Democrats have a lot to learn from Trump

He won’t drain the swamp, but they should  

OUR DAILY FOCUS on Donald Trump’s narcissistic behavior diverts attention from something much more significant: the likelihood that his presidency may constitute an important historical transition for the United States. It is obvious that the election of Trump represented a departure from the norm. It is not obvious that his departure from the presidency will represent a return to the norm.

Edward M. Murphy.

Historians looking back decades from now will probably see Trump in the category of presidents like James Buchanan and Herbert Hoover, each of whom ineptly managed powerful forces that drove the country into great crises resulting in profound changes. We may not face an attempt to dissolve the union or another Great Depression, but it’s hard to anticipate whether Trump will deliver the country into an existential crisis or simply leave our political order disassembled and requiring reconstruction. To repair itself in Trump’s wake, the country will need a widely shared vision of the future of governance in the United States. If past crises are illustrative, that vision will involve a reconstituted political framework very different from what we know today.

The dialectic that has characterized recent decades of national politics is already beginning to change. Until Trump’s election, the country saw the Republican and Democratic parties fall into two pre-conceptualized categories: small government conservatives and big government liberals. The Republicans argued for reduced spending, a lightly regulated economy, and diminished federal bureaucracy. The Democrats tolerated higher taxes and believed that an empowered national government should administer policies to expand health care, support housing, enhance education, and help Americans with essential services.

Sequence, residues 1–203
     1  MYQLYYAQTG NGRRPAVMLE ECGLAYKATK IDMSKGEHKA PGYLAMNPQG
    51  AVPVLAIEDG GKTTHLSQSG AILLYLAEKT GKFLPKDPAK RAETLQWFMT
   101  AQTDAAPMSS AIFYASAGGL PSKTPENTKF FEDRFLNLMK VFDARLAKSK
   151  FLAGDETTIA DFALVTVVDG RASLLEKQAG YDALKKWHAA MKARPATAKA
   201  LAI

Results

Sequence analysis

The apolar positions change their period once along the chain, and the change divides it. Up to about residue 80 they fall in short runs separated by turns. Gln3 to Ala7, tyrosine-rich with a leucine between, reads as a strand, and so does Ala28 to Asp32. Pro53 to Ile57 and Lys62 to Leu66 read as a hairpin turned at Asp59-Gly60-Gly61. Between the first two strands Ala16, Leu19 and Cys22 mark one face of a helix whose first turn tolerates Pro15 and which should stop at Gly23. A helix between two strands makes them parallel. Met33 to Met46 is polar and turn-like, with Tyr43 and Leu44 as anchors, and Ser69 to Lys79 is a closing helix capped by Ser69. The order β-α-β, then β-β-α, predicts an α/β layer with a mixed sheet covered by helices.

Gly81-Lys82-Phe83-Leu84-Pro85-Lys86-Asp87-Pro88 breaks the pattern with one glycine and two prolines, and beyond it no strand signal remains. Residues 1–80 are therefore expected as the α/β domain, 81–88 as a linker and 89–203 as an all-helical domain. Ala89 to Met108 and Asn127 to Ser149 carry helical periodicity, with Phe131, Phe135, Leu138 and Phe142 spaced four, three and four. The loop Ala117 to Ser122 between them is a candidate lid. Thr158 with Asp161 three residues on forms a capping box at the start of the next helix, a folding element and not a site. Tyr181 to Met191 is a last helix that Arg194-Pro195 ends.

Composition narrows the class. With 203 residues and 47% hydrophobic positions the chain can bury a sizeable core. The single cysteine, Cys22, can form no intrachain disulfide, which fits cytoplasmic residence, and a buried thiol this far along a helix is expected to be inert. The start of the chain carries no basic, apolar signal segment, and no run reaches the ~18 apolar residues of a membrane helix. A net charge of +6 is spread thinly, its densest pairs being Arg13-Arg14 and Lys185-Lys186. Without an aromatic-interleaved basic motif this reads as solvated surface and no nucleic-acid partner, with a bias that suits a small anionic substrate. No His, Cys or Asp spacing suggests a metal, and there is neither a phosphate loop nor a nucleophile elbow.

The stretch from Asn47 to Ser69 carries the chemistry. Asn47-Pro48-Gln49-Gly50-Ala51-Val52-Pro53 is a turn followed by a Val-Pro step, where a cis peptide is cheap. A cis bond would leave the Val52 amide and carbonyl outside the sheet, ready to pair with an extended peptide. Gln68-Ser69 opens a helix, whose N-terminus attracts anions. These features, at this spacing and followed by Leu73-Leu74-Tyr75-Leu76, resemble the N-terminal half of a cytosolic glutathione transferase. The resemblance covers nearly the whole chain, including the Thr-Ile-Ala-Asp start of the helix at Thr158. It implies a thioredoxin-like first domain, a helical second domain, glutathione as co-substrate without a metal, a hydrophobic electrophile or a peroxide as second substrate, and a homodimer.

Trump and the other Republicans now in charge in Washington are breaking the mold and becoming something the electorate didn’t anticipate: big government conservatives. Trump routinely advocates the aggressive use of executive power to achieve his goals, curtail his enemies, and satisfy his ego. At his urging, the Republican Congress enacted legislation to cut taxes and significantly increased federal spending. They have arranged for the annual deficit, which they wanted to shrink, to double in the years ahead.

The Republican retreat from commitments they made to voters creates a unique opportunity for Democrats to position themselves for leadership in the post-Trump era. This is not the same as picking up more congressional seats in the 2018 elections just because Trump is unpopular. First, the party must learn the lessons of Trump’s election. Then it must adapt those lessons to its own goals. This means moving the implementation of its progressive agenda from one level of government to another, from Washington to the states. To succeed in the long term, Democrats must become small government liberals.

Understanding Trump’s victory means acknowledging that he is the most successful demagogue in the history of the United States. Many of his critics, astonished by the election result and searching for an explanation, look for flaws in the electorate and find racism, anti-immigrant nativism, sexism, and hypocritical Christian fundamentalism. Other critics, willing to accept some responsibility for losing Pennsylvania, Michigan, Ohio, and Wisconsin, focus on the Democrats’ inability to communicate effectively with less educated, mid-country blue-collar voters. There is some reality in all of this but not enough to capture the truth of Trump.

Individual voters have flaws but our republic rests on the assumption that, acting collectively in their separate states, the electorate can choose wisely from their limited presidential options. Why did 63 million voters pick an inexperienced candidate with a deeply flawed personality and an inability to articulate public policy in more than 140 characters? He didn’t fool the electorate. They picked him in spite of his obvious shortcomings.